In a bit of news that is a departure from what we have been hearing for months, a high-level official at the WHO has said that asymptomatic carriers of coronavirus are not the primary spreaders of it, according to their research.
“From the data we have, it still seems to be rare that an asymptomatic person actually transmits onward to a secondary individual,” Dr. Maria Van Kerkhove, head of WHO’s emerging diseases and zoonosis unit, said at a news briefing at the WHO’s headquarters in Geneva, per CNBC. “It’s very rare.”
The CNBC story did say that Van Kerkhove acknowledged there has been some evidence that asymptomatic carriers have spread the virus within nursing homes and households. Nonetheless, she called that “rare” and advocated for contact tracing of symptomatic carriers: “What we really want to be focused on is following the symptomatic cases,” Van Kerkhove said. “If we actually followed all of the symptomatic cases, isolated those cases, followed the contacts and quarantined those contacts, we would drastically reduce [the outbreak]”.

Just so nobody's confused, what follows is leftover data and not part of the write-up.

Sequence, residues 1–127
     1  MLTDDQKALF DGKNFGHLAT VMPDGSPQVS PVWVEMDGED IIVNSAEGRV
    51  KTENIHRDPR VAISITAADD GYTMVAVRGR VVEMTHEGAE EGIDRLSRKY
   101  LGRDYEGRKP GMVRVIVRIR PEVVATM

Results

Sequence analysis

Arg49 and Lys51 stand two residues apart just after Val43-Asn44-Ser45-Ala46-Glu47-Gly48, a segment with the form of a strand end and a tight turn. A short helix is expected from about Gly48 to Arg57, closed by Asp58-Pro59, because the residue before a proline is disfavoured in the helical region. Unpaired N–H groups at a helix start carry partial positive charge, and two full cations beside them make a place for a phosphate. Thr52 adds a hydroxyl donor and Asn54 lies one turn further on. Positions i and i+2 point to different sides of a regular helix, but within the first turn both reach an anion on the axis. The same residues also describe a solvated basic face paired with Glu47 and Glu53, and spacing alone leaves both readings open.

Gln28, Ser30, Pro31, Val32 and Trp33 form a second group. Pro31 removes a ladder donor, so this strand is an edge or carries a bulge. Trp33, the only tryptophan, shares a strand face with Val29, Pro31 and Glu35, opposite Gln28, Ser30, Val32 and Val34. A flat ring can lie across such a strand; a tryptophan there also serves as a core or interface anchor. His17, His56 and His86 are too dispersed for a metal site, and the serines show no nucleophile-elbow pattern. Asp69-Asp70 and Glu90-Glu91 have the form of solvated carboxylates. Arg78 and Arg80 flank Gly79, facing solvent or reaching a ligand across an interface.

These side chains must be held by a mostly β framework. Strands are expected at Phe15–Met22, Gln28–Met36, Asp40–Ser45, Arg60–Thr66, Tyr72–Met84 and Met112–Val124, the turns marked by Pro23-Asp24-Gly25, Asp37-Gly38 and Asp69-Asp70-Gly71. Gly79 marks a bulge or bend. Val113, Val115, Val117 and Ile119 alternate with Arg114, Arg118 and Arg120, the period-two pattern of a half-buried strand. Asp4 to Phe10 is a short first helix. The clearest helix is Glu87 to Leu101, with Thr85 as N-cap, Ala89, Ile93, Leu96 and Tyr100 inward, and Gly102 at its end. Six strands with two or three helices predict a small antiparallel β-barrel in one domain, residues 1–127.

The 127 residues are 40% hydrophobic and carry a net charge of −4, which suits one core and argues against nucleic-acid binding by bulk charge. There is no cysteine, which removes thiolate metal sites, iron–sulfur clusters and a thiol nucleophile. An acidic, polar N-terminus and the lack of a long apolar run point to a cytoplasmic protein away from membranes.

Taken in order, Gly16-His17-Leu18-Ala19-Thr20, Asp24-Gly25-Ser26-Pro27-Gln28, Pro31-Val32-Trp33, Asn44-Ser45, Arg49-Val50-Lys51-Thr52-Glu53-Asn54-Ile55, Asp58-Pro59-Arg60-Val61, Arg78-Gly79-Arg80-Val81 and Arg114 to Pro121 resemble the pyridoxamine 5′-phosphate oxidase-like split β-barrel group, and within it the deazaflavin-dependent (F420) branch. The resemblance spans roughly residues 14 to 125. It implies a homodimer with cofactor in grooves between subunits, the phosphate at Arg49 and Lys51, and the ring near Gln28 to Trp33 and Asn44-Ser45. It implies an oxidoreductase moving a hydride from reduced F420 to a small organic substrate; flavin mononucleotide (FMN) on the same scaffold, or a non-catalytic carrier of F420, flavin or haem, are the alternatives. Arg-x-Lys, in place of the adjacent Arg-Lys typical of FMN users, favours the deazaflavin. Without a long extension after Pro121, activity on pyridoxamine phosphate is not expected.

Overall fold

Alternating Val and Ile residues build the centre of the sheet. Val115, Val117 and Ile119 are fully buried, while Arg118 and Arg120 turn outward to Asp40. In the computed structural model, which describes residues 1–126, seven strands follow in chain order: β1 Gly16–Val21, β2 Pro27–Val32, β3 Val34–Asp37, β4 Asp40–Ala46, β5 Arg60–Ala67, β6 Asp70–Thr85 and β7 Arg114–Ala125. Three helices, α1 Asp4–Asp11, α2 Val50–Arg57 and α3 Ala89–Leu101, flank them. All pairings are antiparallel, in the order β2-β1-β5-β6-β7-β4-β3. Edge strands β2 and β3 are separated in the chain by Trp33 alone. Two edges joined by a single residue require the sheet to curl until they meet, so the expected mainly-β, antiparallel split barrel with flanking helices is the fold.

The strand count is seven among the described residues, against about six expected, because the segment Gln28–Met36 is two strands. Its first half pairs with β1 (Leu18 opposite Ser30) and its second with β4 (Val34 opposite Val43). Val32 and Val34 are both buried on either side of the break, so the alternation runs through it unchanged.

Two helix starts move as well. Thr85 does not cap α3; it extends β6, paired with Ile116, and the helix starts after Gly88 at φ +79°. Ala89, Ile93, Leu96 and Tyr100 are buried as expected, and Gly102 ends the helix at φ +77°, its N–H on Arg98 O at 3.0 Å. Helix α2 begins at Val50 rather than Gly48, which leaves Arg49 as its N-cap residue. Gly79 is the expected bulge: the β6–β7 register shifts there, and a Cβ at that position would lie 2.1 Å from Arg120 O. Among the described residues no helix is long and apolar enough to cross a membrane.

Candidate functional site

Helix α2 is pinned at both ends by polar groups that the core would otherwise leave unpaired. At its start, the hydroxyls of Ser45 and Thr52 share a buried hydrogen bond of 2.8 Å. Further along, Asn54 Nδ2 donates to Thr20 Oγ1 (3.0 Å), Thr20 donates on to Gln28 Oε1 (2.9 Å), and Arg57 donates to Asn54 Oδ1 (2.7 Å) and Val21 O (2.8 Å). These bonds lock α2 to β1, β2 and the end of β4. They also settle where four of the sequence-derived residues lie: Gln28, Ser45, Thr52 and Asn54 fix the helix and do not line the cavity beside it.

Van Kerkhove called for more research and data to “truly” confirm the rarity of asymptomatic spread.
In early April, the CDC cited data from China that indicated that “preliminary evidence indicates the occurrence of presymptomatic transmission” in their assertion into the importance of social distancing.
If the WHO is right about this — and it bears mentioning the organization was initially incorrect in believing the data from China about cases and deaths were accurate — it would be a game changer in terms of how we are able to go about our lives until there’s a vaccine.